Chemical changes and increased degradability of wheat straw and oak wood chips treated with the white rot fungi Ceriporiopsis subvermispora and Lentinula edodes

Sandra J.A. van Kuijk*, Anton S.M. Sonnenberg, Johan J.P. Baars, Wouter H. Hendriks, José C. del Río, Jorge Rencoret, Ana Gutiérrez, Norbert C.A. de Ruijter, John W. Cone

*Corresponding author for this work

Research output: Contribution to journalArticleAcademicpeer-review

17 Citations (Scopus)

Abstract

Wheat straw and oak wood chips were incubated with Ceriporiopsis subvermispora and Lentinula edodes for 8 weeks. Samples from the fungal treated substrates were collected every week for chemical characterization. L. edodes continuously grew during the 8 weeks on both wheat straw and oak wood chips, as determined by the ergosterol mass fraction of the dry biomass. C. subvermispora colonized both substrates during the first week, stopped growing on oak wood chips, and resumed growth after 6 weeks on wheat straw. Detergent fiber analysis and pyrolysis coupled to gas chromatography/mass spectrometry showed a selective lignin degradation in wheat straw, although some carbohydrates were also degraded. L. edodes continuously degraded lignin and hemicelluloses in wheat straw while C. subvermispora degraded lignin and hemicelluloses only during the first 5 weeks of treatment after which cellulose degradation started. Both fungi selectively degraded lignin in wood chips. After 4 weeks of treatment, no significant changes in chemical composition were detected. In contrast to L. edodes, C. subvermispora produced alkylitaconic acids during fungal treatment, which paralleled the degradation and modification of lignin indicating the importance of these compounds in delignification. Light microscopy visualized a dense structure of wood chips which was difficult to penetrate by the fungi, explaining the relative lower lignin degradation compared to wheat straw measured by chemical analysis. All these changes resulted in an increased in in vitro rumen degradability of wheat straw and oak wood chips. In addition, more glucose and xylose were released after enzymatic saccharification of fungal treated wheat straw compared to untreated material.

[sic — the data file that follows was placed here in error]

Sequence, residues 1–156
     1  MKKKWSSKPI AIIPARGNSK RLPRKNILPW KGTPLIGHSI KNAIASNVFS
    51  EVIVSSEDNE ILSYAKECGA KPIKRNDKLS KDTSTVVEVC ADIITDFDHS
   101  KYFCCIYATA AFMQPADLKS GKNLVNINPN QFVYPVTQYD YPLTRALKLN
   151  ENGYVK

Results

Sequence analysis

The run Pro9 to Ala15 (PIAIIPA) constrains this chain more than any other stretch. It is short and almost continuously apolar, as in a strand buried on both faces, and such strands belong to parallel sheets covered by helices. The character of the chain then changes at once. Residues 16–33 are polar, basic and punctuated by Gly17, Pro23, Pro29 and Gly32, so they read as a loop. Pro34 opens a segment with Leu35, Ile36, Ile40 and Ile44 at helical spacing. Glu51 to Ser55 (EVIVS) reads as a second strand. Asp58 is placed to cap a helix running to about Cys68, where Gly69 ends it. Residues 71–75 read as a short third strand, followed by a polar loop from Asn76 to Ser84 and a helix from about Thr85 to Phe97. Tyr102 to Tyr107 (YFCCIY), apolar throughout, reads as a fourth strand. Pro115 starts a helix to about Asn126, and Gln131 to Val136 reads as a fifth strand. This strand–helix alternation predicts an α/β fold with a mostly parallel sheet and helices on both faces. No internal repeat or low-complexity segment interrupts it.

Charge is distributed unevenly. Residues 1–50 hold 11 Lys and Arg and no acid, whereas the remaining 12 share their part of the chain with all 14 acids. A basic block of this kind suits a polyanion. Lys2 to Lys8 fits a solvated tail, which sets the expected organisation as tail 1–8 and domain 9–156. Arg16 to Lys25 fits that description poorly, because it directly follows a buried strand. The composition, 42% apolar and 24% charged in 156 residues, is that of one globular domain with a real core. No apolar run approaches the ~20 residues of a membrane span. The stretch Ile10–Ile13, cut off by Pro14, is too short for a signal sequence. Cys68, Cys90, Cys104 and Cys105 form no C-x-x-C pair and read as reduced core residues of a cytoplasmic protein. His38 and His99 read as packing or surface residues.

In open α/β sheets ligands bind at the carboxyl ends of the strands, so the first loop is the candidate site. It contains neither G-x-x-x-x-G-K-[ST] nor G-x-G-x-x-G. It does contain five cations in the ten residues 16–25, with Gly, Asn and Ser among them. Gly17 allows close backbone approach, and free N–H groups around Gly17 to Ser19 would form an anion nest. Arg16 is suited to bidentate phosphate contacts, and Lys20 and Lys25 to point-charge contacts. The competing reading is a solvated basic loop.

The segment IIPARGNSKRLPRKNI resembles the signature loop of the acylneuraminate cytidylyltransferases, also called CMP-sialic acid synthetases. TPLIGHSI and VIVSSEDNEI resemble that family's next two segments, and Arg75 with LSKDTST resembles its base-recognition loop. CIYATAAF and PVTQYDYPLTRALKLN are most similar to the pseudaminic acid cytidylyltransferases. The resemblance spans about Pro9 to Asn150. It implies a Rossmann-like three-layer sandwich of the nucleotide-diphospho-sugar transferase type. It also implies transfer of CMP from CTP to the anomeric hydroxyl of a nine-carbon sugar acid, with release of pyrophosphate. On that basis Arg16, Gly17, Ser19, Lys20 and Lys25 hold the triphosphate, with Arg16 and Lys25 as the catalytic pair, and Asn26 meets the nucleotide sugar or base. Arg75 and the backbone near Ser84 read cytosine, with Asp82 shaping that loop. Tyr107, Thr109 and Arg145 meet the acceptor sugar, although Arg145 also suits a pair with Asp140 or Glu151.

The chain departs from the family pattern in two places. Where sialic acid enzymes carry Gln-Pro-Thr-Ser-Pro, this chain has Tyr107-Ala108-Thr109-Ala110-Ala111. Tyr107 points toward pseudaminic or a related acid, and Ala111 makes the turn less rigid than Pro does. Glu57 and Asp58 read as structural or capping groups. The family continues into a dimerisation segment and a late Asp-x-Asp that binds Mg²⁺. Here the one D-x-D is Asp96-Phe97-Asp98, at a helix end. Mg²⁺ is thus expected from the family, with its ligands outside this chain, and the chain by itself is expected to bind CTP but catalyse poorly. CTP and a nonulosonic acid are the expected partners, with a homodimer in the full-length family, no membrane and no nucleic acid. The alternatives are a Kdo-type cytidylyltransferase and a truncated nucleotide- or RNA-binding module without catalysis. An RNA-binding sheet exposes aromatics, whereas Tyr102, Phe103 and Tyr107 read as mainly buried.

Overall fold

Original languageEnglish
Pages (from-to)381-391
JournalBiomass and Bioenergy
Volume105
DOIs
Publication statusPublished - 2017

Keywords

  • Alkylitaconic acids
  • Enzymatic saccharification
  • Fungal treatment
  • In vitro rumen degradability
  • Lignocellulosic biomass
  • Selective lignin degradation

Fingerprint Dive into the research topics of 'Chemical changes and increased degradability of wheat straw and oak wood chips treated with the white rot fungi Ceriporiopsis subvermispora and Lentinula edodes'. Together they form a unique fingerprint.

Cite this